I’m ages behind but I just started getting into LCD Soundsystem. It was among a vast number of bands that my good friend Ted tried to impose on my years ago. I suppose along with the National, these groups were for a significantly more mature palette than when he tried on me the first go.
I had the opportunity to see James Murphy, the heart of LCD, earlier this year and had a complete flop of a time. He was in Toronto promoting his documentary Shut Up and Play the Hits and I could tell his heart wasn’t in it. He didn’t want to be there. Not once did he acknowledge the audience, it was kind of a let down.
Good to hear though a few months later in Washington State he played a super set. Perhaps moods were different for all.
Anyways, I digress, “Dance Yrself Clean” is fun as hell and I can’t get enough of its slow burn excitement.
I am over the mood excited to see Sarah Polley’s new film Stories We Tell tonight. AND TIMBER TIMBRE’s “Demon Host” in the trailer… Polley always always always promotes the Canadian music scene! I can’t wait to share my thoughts of the film in a review to come.
Julie Doiron is one of many darling Canadian singer-songwriters. As a musician Doiron’s had many lives, first as a bassist for Eric’s Trip who was singed to the ultra-cool label Sup Pop, then under the name Broken Girl and now under her own name, Julie Doiron. For her most recent release, Doiron left the Indiana-based record label, Jagjaguwar for Toronto-based record label Aporia. Hailing from Moncton, New Brunswick and with past Acadian roots, she’s released a number of tunes in French. Fortunately, for her English speaking fans her latest release titled So Many Days is in English. Often more sad than not, Doiron, aka Broken Girl’s trademark sad sound has become hopeful, even happier.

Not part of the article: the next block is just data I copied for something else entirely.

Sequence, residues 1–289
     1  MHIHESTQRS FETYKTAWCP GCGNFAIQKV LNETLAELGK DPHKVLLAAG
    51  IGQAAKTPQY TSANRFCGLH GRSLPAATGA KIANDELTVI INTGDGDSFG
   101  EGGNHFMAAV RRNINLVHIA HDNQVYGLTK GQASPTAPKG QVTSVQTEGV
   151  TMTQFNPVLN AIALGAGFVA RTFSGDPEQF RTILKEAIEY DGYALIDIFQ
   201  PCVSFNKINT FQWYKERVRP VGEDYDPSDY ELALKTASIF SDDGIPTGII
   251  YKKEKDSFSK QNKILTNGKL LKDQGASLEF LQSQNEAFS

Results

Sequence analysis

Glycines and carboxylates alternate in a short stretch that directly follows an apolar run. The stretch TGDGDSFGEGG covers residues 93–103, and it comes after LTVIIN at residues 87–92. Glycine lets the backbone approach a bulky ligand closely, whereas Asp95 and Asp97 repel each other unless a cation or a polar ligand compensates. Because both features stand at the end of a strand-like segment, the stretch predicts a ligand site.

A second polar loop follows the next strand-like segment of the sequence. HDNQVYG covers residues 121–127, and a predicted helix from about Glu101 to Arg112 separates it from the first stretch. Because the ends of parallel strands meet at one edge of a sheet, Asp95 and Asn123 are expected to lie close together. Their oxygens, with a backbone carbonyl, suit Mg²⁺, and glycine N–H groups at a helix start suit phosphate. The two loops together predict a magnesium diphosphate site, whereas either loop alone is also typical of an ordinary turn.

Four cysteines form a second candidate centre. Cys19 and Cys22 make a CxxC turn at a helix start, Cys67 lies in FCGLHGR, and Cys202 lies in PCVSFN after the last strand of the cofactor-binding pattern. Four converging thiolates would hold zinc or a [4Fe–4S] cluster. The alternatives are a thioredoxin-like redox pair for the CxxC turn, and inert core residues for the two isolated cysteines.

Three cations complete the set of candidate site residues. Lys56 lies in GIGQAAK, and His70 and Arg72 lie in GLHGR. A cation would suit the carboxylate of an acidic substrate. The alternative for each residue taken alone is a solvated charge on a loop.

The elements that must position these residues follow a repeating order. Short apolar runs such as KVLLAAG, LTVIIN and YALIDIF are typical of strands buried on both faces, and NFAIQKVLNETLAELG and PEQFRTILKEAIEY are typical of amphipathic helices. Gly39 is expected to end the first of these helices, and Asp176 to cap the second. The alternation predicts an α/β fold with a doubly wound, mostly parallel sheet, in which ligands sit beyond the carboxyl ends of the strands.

Doiron’s worked with countless musicians such as the Constantines’ keyboardist, Will Kidman as well as Daniel Romano and Fredrick Squire in their folk super group Daniel, Fred and Julie. Julie’s diverse hard work has well validated her solo project’s distinct sounds as her own.
Branching away from simple sounds, So Many Days boldly integrates a fuller instrumentation. The album’s opening track “Cars and Trucks,” like many Doiron tunes, reads like a self-realizing confession but maintains its strength through a Silversun Pick-up like guitar pattern. It’s also really refreshing to hear a full band on this song as well as other tunes “Our Love” and “Where Are You.”
While So Many Days tries extremely hard to integrate a warmer sound, Doiron’s music doesn’t stray too far away from her typical song structure. For instance, the repeated guitar part that serves as the chorus on the tune “The Only” suggests an edgier slant, however beyond that disguise is just an average Doiron ditty.
Ironically, the tune that’s most captivating is “Homeless,” which is just Doiron’s vocals and a bass guitar. The tune reads like a letter of reminiscence and regret. Her emotions are well conveyed through her animated, almost acted out vocals and selective pauses in her phrasing. The walking bass line that accompanies here sounds eerie and nods to older minimal tunes like “The Wrong Guy” and “Sorry Part I”
Almost all of Doiron’s solo albums end with sweet, simple songs of a mixed bag of emotions. In true Canadian style Doiron always ends with an apology or a thank you. While only a minute and a half, So Many Days’ closer “Last Night I Lay In Bed” is thankful and appreciative.
So Many Days is not a ground breaking, chart topping release, but is consistent, thoughtful. Making bold here, I gather that Doiron’s fan base is comprised of thirtysomething Eric’s Trip fans and many who have just come across Doiron on their own terms. Either way Doiron’s rich musical past and her many current musical projects work to attract many in a very accessible fashion.
Stream it in it’s entirety!
I’m not so crazy about the album artwork:
“Tame Impala’s influences are vast, drawing on sounds more mystical and dreamy than the Beatles ever touched.”
I wrote the above comment in a review I wrote for my school paper and I sort of regret it after!!! Bold statement.
This song is so incredibly lush to begin with but with the addition of the string section… just unbelievable!
Last year was my year with Julie. I think I saw her about a half dozen times, pretty remarkable. I suppose those are the perks that accompany living in close proximity to a lively, eager artists… Even if she does pour her heart out at live gigs.
Julie Doiron aka Broken Girl released one of the loveliest albums of my life – ‘I Can Wonder What You Did With Your Day.’ It captured an extremely lovely time in my life.
While I haven’t got my paws on ‘So Many Days’ yet, I’ve heard it a few times and I just love the sincere excitement Doiron has for it on her facebook! ‘Liking’ Doiron online was one of the smartest things I’ve ever done.
This concert. David Bryne. That lamp.